‘Enoch’ is around 200 m across its outstretched hands and some 200 m in height. It can easily be seen from many kilometres away, including from the craggy top of Besh Barmaq and the main highway. In a manner not unlike the early Bronze Age English hillside carvings, such as the Cerne Abbas Giant and White Horse of Uffington, Enoch could well be of ancient cultural significance and importance. What is certain is that the image overlooks a remarkable sacred landscape. In addition to overlooking Besh Barmaq and the ‘serpent/tail’ and two old deserted villages, there are also a number of intact kurgans and an intact stone circle. Dr Idris Aliyev of the Institute of Archaeology and Ethnography has visited the Besh Barmaq with me and agrees the region is of special importance.
Discussion and Summary.
In this article, links have been made between prehistoric peoples, megalithic societies and anthropomorphic shaped rocks and hill formations. With examples described including Turtle rock, Whale rock, Camel Rock, and Owl Hill and possibly Besh Barmaq and its two associated anthropomorphic images – the Besh Barmaq Serpent and Enoch, it seems very probable that zoomorphism and an animistic belief system was an important cultural tradition in Azerbaijan’s distant pre-history. With supporting observations from Kazakhstan’s Mt Ocharovatelnaia, it is evident that zoomorphism is a subject that has been insufficiently recognised. Most certainly other anthropomorphic sites are yet to be identified. In Naxhchivan for example, Ilan Dag or Snake Mountain is a probable example. I would welcome reader’s information on other possible sites.
For now there appear to be sufficient examples associated with settlement sites in Azerbaijan to warrant serious consideration and investigation. What is required is for local and international archaeologists to confirm the reality of the images as archaeological monuments and, in doing so, establish them as sites of special scientific interest.
With regard to the protection of ancient monuments, it is a concern that Azerbaijan is going through a period of rapid development in a new oil era. A consequence of this is that with the influx of wealth, I have personally witnessed the destruction of several valuable heritage sites. Due to the lack of effective regulations, knowledge of heritage sites and with few resources to protect, study and conserve sites of importance, losses will continue. Besh Barmaq is clearly a very special mountain and I suspect a potential world heritage site. With the numbers of pilgrims it currently receives, damage is inevitable. An archaeological assessment should be carried out to establish its archaeological importance and establish an appropriate level of protection.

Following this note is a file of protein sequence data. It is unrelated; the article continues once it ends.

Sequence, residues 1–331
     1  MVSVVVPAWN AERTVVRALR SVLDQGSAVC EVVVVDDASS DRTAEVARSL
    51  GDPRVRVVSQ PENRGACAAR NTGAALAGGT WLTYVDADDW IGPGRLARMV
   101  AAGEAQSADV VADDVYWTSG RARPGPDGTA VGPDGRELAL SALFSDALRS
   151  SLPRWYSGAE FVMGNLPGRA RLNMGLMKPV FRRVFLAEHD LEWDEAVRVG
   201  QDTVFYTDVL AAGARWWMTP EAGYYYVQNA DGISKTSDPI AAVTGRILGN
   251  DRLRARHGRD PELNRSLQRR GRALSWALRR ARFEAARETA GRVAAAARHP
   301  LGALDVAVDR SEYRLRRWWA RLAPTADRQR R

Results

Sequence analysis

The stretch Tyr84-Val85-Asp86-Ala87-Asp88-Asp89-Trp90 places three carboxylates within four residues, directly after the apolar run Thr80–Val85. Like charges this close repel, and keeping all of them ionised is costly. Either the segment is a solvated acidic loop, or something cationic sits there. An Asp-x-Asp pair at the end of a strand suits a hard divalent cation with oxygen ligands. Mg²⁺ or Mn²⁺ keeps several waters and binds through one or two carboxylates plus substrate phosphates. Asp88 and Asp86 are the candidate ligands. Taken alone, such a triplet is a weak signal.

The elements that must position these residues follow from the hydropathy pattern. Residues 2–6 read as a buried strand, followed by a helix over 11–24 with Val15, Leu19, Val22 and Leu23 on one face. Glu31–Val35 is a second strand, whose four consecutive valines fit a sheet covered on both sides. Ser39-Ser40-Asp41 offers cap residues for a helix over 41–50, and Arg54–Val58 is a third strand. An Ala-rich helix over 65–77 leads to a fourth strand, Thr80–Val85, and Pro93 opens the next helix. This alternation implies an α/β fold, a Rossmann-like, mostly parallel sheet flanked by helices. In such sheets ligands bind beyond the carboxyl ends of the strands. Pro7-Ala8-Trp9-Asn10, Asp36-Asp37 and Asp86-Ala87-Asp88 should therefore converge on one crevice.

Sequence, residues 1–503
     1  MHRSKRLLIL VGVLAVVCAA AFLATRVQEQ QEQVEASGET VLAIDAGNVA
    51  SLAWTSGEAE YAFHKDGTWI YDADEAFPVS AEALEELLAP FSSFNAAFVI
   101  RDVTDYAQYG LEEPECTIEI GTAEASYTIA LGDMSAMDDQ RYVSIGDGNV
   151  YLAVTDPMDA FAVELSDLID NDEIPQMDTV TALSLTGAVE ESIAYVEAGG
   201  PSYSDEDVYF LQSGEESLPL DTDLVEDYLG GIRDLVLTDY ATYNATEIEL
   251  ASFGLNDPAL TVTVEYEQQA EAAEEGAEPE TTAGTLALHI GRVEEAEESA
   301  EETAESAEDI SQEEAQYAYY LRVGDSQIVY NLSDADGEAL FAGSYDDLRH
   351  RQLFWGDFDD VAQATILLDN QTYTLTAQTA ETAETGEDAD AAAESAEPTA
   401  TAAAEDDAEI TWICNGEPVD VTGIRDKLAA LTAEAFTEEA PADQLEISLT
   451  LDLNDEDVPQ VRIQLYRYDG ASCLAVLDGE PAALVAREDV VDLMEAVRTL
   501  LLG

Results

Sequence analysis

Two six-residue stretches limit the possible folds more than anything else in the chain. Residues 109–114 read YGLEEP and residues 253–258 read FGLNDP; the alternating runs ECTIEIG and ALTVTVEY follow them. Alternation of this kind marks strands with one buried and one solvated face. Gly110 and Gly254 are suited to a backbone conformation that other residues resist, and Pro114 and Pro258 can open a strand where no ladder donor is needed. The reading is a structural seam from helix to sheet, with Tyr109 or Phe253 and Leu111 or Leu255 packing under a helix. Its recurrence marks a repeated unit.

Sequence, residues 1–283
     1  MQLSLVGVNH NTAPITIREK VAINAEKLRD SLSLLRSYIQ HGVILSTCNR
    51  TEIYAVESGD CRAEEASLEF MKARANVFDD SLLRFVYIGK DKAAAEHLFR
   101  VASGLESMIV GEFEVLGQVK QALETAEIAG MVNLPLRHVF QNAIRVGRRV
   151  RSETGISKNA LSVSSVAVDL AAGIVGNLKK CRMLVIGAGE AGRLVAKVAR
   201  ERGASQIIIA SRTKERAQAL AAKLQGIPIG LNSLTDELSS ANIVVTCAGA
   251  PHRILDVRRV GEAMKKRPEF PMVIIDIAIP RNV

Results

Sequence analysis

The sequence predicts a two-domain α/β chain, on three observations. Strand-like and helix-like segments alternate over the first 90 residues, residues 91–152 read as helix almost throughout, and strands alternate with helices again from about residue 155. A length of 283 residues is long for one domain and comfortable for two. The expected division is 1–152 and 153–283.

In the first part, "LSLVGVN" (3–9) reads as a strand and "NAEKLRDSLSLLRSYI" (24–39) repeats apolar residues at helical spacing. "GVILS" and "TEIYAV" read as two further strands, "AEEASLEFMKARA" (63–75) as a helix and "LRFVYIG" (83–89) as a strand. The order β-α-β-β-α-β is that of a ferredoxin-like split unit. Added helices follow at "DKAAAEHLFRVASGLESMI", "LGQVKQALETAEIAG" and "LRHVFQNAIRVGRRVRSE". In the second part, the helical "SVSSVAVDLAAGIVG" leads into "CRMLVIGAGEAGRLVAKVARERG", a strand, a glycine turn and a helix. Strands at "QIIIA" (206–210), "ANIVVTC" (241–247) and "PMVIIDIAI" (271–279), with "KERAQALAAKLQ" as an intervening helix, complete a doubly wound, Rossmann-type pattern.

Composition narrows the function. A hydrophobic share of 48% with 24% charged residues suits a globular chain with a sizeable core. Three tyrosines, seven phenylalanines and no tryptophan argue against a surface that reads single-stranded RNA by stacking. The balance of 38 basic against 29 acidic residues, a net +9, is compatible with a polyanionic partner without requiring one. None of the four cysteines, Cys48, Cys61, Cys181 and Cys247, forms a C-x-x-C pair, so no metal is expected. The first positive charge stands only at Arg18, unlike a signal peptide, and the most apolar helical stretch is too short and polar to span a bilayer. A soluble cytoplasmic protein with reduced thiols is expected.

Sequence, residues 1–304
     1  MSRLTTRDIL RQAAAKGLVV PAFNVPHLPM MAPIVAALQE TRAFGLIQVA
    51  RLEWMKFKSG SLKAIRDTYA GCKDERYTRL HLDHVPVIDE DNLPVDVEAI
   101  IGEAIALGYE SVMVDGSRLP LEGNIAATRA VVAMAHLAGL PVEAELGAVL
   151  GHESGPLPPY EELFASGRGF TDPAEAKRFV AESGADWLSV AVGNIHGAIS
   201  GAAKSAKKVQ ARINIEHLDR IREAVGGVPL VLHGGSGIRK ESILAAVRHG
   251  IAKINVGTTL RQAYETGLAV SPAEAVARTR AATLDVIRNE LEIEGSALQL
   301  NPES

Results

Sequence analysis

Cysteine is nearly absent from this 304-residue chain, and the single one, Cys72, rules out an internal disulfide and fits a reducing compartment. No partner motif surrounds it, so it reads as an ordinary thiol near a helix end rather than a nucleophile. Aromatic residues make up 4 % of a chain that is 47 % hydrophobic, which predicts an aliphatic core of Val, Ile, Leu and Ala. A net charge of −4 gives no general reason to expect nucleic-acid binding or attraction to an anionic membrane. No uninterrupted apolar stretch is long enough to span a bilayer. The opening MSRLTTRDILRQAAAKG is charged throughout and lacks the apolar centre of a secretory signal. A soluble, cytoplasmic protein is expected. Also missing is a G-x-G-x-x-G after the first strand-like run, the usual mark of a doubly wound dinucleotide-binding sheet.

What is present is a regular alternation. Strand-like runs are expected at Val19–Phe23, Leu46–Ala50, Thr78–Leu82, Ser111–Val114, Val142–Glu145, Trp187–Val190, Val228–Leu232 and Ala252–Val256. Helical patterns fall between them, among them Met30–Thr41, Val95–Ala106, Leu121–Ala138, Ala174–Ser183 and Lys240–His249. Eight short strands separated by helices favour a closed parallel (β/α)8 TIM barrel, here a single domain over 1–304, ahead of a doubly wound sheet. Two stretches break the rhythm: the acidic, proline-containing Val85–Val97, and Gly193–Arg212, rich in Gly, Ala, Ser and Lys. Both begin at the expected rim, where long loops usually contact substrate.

It is hoped that the information presented in this article will serve to raise awareness and inform readers about an amazing heritage of spiritual landscape guardians within Azerbaijan. Hopefully it will promote scientific interest to encourage debate on a little known phenomenon.
Here we may note the words of the late President Heydar Aliyev in his introduction to the book ‘The Archaeology of Azerbaijan: a Brief Discourse’ by the late Rashid Geyushev. He states:
“Whatever their significance, all monuments must be the focus of our attention’.
These are fine words and surely apply to Azerbaijan’s landscape carvings. With appropriate attention and resourcing, it is my hope that, with scientific investigation into the anthropomorphic/zoomorphic phenomenon, it may be possible to roll back the pages of history to a distant and more formative time, to the dawn of belief systems for the benefit of Azerbaijan, and indeed world heritage.
A follow up article will describe Besh Barmaq in more detail and propose why even today it is considered a special and holy mountain.
1. Bekbasser, Nyssabbay ‘ Astronomical Practices and Ritual Calendar of Euro-Asian Nomads. http://www.folklore.ee/folklore/vol31/bekbassar.pdf
2. Gallagher. and Blair, B. Secrets of the Maiden Tower: What they Reveal about Early Man’s Beliefs’. Azerbaijan International. Autumn 2006 . http://azer.com/aiweb/categories/magazine/ai143_folder/143_articles/143_mt_secrets.html
3. Geyushev Rashid. ‘The Archaeology of Azerbaijan, - A Brief Discourse.’ (1999).
4. Marsadolov, Leonid ‘Mt Ocharovatelnaia and Mt Siniaia in Altai: Legends and Reality. http://www.folklore.ee/folklore/vol31/marsadolov.pdf
5. Wikipedia: The Uffington White Horse. http://en.wikipedia.org/wiki/Uffington_White_Horse
6. Wikipedia: Cerne Abbas Giant. http://en.wikipedia.org/wiki/Cerne_Abbas_giant
7. Wikipedia: Serpent Mound. http://en.wikipedia.org/wiki/Serpent_Mound
About the author: Ronnie Gallagher worked as Environmental Manager for BP in Azerbaijan from 2000-2003. In his free time, he explored much of the countryside, enjoying the natural history and searching for evidence of ancient settlements. His observations on stone circles, cup marks, cart ruts and mud volcanoes have been published in the Azerbaijan International Magazine. Ronnie is currently living in Abu Dhabi and returns to Azerbaijan whenever possible.